Venezuela’s electrical systems have been targeted by another cyber-attack.
In the face of this imperialist sabotage, Venezuela’s President Nicolas Maduro said: “We have overcome so many challenges, we’ll overcome this one.”
Venezuelan President was addressing a huge mass gathering in capital city Caracas on Sunday.
During the speech, Maduro called on the people to stay true to Chavismo and the sovereignty of Venezuela as the 24-hour countrywide electricity outage continued.
Venezuela government has accused the US of “sabotage” while US officials blamed corruption and mismanagement for the wide electricity outage.
Sabotage at the Guri hydroelectric power plant left much of Venezuela without power on Thursday night. With hard work, Venezuelan authorities restored power to many parts of the country. However, the country’s grid took another hammering on Saturday, with many of the restored systems knocked out once again, said Maduro.
Maduro told: The electric system had been nearly 70 percent restored, but then, again, “we received another attack of a cybernetic nature, at midday. This cyber-attack disturbed the reconnection process and knocked out everything that had been achieved until noon. We discovered that they were carrying out high-tech attacks against the power systems.”
The Venezuelan President informed the people: Additionally, one of the sources of generation that was working perfectly was also sabotaged.
He accused domestic infiltrators for sabotaging the electric supply from inside.
The electricity authority is now working to restore the electricity supply “manually”.
The concerned authority is also working to diagnose the failure of the computer system at a massive scale.
Earlier reports said 95 percent of the country encountering imperialist intervention again went without power after Sidor Substation in Bolivar state had exploded. The explosion spewed clouds of black smoke into the sky. The substation had been sustaining Venezuela’s power supply since the failure of the Guri plant, which produces 80 percent of the country’s power.
The Venezuela government blamed Thursday’s blackout on sabotage, part of imperialist intervention led by the United States.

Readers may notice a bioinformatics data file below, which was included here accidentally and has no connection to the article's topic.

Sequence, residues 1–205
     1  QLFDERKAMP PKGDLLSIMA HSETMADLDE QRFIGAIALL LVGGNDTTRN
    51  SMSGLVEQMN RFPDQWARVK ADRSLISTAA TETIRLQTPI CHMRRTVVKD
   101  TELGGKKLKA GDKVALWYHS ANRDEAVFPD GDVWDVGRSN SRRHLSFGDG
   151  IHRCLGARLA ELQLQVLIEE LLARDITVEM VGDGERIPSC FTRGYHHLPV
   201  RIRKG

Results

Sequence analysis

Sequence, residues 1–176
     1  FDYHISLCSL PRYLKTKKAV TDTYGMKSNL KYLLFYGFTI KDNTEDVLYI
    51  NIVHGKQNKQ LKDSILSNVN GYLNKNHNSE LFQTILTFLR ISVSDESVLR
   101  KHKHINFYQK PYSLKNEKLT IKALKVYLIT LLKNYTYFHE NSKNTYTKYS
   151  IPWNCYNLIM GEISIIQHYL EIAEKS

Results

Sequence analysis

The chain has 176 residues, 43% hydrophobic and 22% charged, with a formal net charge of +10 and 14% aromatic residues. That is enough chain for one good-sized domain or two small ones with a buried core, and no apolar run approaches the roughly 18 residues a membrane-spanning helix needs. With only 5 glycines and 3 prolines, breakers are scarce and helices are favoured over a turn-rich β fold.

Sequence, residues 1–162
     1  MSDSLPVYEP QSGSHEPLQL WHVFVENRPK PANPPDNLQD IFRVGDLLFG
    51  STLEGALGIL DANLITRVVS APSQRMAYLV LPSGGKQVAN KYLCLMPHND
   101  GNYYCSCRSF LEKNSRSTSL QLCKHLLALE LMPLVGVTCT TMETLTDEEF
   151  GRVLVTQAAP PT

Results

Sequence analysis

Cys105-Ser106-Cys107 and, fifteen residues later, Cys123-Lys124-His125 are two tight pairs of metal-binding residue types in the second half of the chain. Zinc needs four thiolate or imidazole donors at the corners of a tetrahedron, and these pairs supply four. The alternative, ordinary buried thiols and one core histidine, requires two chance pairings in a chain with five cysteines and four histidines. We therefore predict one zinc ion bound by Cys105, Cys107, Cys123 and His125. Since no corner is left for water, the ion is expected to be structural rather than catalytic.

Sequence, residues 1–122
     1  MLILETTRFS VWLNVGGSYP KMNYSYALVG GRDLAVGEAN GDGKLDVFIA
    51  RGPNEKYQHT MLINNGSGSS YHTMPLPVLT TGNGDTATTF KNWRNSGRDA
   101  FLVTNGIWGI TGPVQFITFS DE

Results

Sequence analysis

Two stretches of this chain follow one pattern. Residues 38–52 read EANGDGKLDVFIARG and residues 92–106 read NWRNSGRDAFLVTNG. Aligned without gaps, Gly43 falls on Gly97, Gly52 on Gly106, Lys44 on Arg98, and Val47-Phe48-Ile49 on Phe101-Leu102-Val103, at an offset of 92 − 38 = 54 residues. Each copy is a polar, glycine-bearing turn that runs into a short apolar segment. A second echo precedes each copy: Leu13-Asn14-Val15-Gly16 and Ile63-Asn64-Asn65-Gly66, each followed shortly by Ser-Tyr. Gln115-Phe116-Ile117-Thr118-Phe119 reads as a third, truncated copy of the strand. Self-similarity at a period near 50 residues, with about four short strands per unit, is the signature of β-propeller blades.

President Maduro accused the U.S. of waging an “Electricity War” on the Bolivarian country. The Venezuelan communication and information minister Jorge Rodriguez blamed the outage on a US-orchestrated cyber-attack. Jorge Rodriguez said the sabotage was intended to leave Venezuela without light for several days, and meant to destabilizing the Maduro administration.
Meanwhile US officials, including a vocal proponent of regime change in Venezuela, Senator Marco Rubio, blamed the socialist policies of Maduro’s government for letting the country’s infrastructure crumble to breaking point.
Senator Marco Rubio, the Florida Republican, claimed that Venezuela’s union of electricity workers had predicted the blackout. He accused Maduro of pocketing money that could have been used for repairs, and joked that Maduro “must have pressed the wrong thing on the ‘electronic attack’ app I downloaded from Apple.
Meanwhile, the Trump administration admitted this week that it has no particular “timeline” for its desired regime change in Venezuela, and the U.S. official line remains “all options are on the table.”
With this background, Maduro was addressing a mass meeting in Caracas. In his speech, Maduro said: “We will liberate the electrical company of infiltrators and saboteurs. We have overcome so many challenges; we’ll overcome this one. We’ll do it with love, resistance and revolutionary courage.”
Thousands of people joined the meeting. Maduro, in his speech, denounced the interventionist attempts executed by the United States.
“The technology used in the attack on our electrical system is held only by the US, no other country in the world has the resource,” said the president.
Maduro told the mass meeting: “We have the spirit to overcome any circumstance because we are the sons of the liberator Simon Bolivar, because we are the people of Hugo Chavez.”
On Saturday, thousands of Venezuelans participated in a large-scale protest marches and meetings to reject acts of interventionism in their country. The protest marches and meetings were part of the annual national Bolivarian Anti-Imperialist Day celebrations.
The Anti-imperialist Day is held every March 9 to commemorate the same date in 2015 when former U.S. President Barack Obama announced the first decree against Venezuela, by considering it a threat to U.S.
The march started at 09:00 a.m. local time from the headquarters of Venezuela’s TV Channel 8 and moved to the Presidential Palace of Miraflores, where President Maduro and the countries political leaders received the gathering crowd.
“Today, as the U.S empire, in its desperate attempt to take our natural resources intensified their brutal aggression against the Homeland, we firmly stand up to defend our land and scream with force: Yankee Go Home! We are anti-imperialist!,” tweeted President Maduro.
While addressing the people joining the meeting, Venezuelan Foreign Minister Jorge Arreaza congratulated the people for their resistance in the hours after the blackout.
“This is a country that resists and that is why we are going to get out of all difficulties!” assured Arreaza, while calling for unity and support for President Maduro.
Another participant was the president of the National Constituent Assembly (ANC), Diosdado Cabello, who assured that the unity of the Venezuelan people and the Bolivarian National Armed Forces (FANB) is “getting stronger every day.”
Cabello demanded respect for the sovereignty of the country and also highlighted the popular courage in the face of the greatest attack in Venezuela’s history to against its electric service. In addition, Cabello emphasized that in Venezuela there have been no acts of violence and that the government is working to restore all services throughout the country.